PORTSMOUTH, Va. — Thursday night, three branches of law enforcement came together to figure out a way forward in Portsmouth.
More than 100 people have already been shot in the city this year, and the new interim police chief said something’s got to give.
Community policing, officer retention and a whole-hearted effort from the community: That’s what Attorney General Jason Miyares, Portsmouth Sheriff Michael Moore and Portsmouth’s new Interim Police Chief Stephen Jenkins said will help curb the growing violence in the city.
"Everyone has to get involved," Jenkins said.
More than 100 concerned citizens came together to hear what the three leaders had to say.
Portsmouth, the smallest of the seven cities, has one of the highest homicide rates in the area. Jenkins said some of the problem stems from 18% of the population living below the poverty line and 23% of the population being younger than 18.
"It is difficult to address juveniles because of... we really want to give them a chance to reform," Jenkins said.
Miyares said everyone in this country has been through an immense amount of trauma in the last two years, which has only made the problem worse.
"Too many young people seeking money, power and respect in all the wrong areas," Miyares said.
He said community policing and trust-building tactics are vital. Moore agreed and emphasizes the need to get ahead of the crimes before they happen.
"We have to make the efforts to get into the communities," he said.
Jenkins said another piece of the puzzle is addressing some of the root causes, like mental health and poverty.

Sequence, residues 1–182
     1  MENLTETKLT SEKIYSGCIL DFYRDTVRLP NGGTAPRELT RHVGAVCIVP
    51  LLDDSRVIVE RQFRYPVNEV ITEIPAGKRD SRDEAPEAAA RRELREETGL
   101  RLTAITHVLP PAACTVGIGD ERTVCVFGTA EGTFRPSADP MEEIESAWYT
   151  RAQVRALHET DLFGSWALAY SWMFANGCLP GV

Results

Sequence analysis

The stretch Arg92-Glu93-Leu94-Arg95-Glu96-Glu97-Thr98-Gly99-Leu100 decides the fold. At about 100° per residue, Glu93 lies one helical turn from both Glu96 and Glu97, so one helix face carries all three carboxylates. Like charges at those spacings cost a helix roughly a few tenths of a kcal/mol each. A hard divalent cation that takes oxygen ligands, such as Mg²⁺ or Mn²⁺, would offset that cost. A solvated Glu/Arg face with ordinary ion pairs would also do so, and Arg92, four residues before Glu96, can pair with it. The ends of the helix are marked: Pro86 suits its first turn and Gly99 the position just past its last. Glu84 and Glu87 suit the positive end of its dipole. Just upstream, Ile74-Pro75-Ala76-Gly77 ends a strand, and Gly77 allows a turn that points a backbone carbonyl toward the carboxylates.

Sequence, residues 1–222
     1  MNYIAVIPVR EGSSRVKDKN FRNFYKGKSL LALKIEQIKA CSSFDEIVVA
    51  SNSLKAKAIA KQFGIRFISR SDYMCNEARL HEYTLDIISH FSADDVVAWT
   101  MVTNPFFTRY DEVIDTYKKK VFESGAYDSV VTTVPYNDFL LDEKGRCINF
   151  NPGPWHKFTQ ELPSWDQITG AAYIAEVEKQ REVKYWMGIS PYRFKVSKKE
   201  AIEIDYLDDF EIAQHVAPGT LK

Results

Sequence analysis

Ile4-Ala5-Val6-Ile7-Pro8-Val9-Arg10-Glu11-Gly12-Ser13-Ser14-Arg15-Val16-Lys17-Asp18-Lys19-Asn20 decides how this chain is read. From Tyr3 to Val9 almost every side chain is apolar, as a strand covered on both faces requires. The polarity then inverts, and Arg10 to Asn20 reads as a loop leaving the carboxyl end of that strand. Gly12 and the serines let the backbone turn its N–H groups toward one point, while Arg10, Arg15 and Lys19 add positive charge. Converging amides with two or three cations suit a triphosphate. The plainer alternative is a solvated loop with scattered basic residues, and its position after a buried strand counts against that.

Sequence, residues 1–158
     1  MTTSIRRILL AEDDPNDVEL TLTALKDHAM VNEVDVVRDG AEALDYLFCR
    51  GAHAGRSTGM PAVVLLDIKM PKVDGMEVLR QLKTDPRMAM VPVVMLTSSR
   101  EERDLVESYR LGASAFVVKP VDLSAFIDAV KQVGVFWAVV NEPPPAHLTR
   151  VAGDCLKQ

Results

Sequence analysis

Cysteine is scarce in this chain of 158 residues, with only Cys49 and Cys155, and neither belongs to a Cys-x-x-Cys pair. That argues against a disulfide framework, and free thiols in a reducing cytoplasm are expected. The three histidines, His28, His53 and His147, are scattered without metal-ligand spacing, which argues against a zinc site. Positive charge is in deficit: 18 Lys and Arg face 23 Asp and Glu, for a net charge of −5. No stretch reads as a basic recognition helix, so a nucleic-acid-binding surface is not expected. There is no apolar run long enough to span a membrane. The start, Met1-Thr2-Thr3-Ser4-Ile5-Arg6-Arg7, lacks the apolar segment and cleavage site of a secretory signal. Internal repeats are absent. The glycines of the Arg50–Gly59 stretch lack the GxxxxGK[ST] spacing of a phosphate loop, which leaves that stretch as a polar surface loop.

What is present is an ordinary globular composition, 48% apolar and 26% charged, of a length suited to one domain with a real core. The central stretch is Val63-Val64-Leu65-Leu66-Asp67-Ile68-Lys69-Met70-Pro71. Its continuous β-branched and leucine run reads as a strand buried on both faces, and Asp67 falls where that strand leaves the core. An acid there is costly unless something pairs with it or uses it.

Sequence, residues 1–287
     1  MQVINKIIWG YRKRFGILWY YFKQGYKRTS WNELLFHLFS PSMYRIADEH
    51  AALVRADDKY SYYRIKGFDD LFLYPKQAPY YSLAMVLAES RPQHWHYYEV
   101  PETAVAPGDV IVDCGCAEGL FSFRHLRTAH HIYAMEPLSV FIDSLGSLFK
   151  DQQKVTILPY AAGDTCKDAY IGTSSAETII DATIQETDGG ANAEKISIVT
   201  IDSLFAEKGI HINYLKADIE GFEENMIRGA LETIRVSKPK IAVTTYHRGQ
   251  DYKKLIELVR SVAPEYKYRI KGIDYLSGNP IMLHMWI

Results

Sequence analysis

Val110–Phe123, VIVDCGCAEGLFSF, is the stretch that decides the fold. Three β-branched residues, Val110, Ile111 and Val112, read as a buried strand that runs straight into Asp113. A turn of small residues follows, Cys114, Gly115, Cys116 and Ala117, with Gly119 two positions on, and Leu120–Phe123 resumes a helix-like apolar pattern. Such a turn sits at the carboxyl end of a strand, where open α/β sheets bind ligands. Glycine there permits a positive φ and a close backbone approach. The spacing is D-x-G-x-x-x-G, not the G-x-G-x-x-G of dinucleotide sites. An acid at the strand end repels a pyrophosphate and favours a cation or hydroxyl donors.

"There are lots of issues we’ve turned a blind eye to," Jenkins said.
13News Now asked Interim Chief Jenkins how much of a role gangs play in the violence. After a string of shootings last month, rumors were swirling on social media that a gang war had broken out.
"We have to be very careful with how we label an individual. Just because you have a group of individuals that were hanging together and doing certain things, that does not necessarily mean they're a gang, but that is an easy term to throw out," he said.
However, he acknowledged that the city does deal with gang issues, whether they are local to Portsmouth or spilling over the border from other cities.
"Everything that happens, every shooting that happens is not gang-related. You know, there is such thing as he did something to me and I have an issue with him," he said.
Virginia lawmakers recently passed a law that makes it illegal for police to stop or search a vehicle because they smell marijuana, have a broken brake light, defective equipment, etc.
The goal was to reduce racial profiling, but Miyares and Jenkins said it had unintended consequences. Now, they said it's harder for police to find illegal guns or drugs in vehicles.
"Good intentions don't always lead to good results," said Miyares.
Jenkins said they're having to adapt methods to get guns and drugs off the street.
The attorney general also said officer morale is very low across the board. Moore said a lot of that comes from community perception and low pay. He said a lot of his deputies left Portsmouth, which pays $34,000 a year, for Chesapeake, where they're paid $50,000.
He said local government needs to take a look at what it takes to not only recruit good people, but also retain them. Retaining them will lead to more trust in the community.
"If you adequately fund these agencies, you will see a lot of progress in what they're able to accomplish," said Jenkins.
Miyares said another key component is keeping repeat offenders off the street. He said he's all for second chances and reform, but there is a line when it comes to someone with a lengthy rap sheet of violent crimes.
Miyares, Jenkins and Moore all agree on two fundamental things: law enforcement can’t fix the problem by themselves and neighbors need to look out for each other again.
Overall, they said the ideas shared tonight need to live on past the forum.
If you'd like to watch the entire forum, you can watch it on Facebook.